Updated 7.15pm

All migrants reportedly stranded at sea have safely reached Italian territory, the Armed Forces of Malta said on Tuesday, contradicting claims made by humanitarian organisations.

The AFM released a statement after 37 civil society organisations expressed their concern about the fate of over 100 men, women and children reportedly in distress at sea. 

Media reports on Sunday said a group of 110 people may be unaccounted for, with emergency hotline NGO Alarm Phone accusing the Armed Forces of Malta of ordering a rescue vessel to leave the scene of the drifting migrants' boat.

But the AFM said that the people aboard the boat had expressed a desire to reach Italy and had done so "on their own steam."

AFM provided a photograph, taken moments prior to the boat's entry in Italian territory, Lampedusa. 

"The boat in the image reproduced, powered by two outboard engines and on a steady course and speed, is the same boat being portrayed by some media outlets as adrift at sea."

The AFM insisted that all allegations of boats sinking, left adrift or rescues being hindered are "false and unfounded". 

Times of Malta had reached out to the AFM for information about the boats in distress on Sunday. A spokesperson was unavailable for comment. 


NGOs given no information

The group of 37 NGOs responded to the AFM statement positively, saying they were greatly relieved to hear that the people aboard the boat had been safely disembarked. 

The incident further confirmed their insistence on information being shared openly and transparently, they said.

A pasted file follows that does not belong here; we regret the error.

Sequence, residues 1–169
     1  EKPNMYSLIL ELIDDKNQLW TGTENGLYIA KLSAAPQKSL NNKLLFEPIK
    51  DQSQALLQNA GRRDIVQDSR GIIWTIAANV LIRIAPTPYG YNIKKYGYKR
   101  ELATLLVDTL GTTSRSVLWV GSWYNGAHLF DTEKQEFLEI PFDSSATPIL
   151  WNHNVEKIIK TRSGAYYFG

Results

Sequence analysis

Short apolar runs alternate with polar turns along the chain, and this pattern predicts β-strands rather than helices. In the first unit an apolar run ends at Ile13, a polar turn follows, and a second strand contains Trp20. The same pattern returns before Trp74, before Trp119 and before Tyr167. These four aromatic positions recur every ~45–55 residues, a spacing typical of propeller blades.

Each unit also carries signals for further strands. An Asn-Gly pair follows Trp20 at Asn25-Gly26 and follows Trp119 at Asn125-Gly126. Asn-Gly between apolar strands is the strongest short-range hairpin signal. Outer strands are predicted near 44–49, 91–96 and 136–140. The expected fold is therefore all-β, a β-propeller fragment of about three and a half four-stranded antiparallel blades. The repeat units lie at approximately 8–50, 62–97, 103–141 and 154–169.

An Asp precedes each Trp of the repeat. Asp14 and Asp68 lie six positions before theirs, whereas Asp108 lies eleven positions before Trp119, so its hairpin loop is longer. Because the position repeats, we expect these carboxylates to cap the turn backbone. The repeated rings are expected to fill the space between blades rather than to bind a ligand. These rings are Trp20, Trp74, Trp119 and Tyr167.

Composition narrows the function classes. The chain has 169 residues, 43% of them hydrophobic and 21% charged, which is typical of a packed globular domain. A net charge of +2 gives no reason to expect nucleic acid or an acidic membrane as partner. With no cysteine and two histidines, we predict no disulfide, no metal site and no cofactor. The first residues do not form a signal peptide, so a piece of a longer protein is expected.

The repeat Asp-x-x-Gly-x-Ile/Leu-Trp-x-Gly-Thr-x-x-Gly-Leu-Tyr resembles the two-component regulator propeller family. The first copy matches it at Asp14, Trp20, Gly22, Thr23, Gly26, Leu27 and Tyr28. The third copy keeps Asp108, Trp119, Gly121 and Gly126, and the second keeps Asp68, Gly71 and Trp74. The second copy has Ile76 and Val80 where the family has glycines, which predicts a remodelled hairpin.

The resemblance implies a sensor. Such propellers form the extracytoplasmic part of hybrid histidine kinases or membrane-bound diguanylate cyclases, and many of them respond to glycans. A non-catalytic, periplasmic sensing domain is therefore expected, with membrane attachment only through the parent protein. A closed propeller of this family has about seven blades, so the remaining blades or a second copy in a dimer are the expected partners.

"In the absence of such disclosure, particularly following request to the appropriate channels, it is inevitable for us to become concerned for the fate of persons who we believe to be missing, pushed-back or drowned," they said.  

When contacted, both Sea Watch International and Alarm Phone said they had not received any information about the fate of the people at sea. 

"We are happy if the boat arrived in Italy, but why did Malta refuse to inform us about this case beforehand?" a Sea Watch International spokesperson told Times of Malta. 

Both NGOs noted that the Maltese authorities only provided information about the boat after significant pressure from civil society. 

“If they have nothing to hide, why not give us this information? If they can give us proof they are in Italy that is fine,” the Sea Watch spokesperson said, adding that the AFM had a track record of lying and coordinating push-backs of asylum seekers.

An Alarm Phone spokesperson said the AFM had in the past been caught giving fuel to boats to help them reach Italy, and said the same seemed to have happened on this occasion. 

'Not every boat is in distress' - AFM

The AFM said that Maltese authorities had maintained their duty of care and kept an eye on the boat throughout. Not every migrant boat on the high seas is "automatically a case of distress," the AFM said. 

There are various instances where migrant boats in international waters do not require assistance and express intent to proceed autonomously to their intended destination, the Maltese army said.

It went on to criticise humanitarian NGOs, saying it was not the first time they spread false or incorrect information that could steer resources away from other cases where people are actually in distress. 

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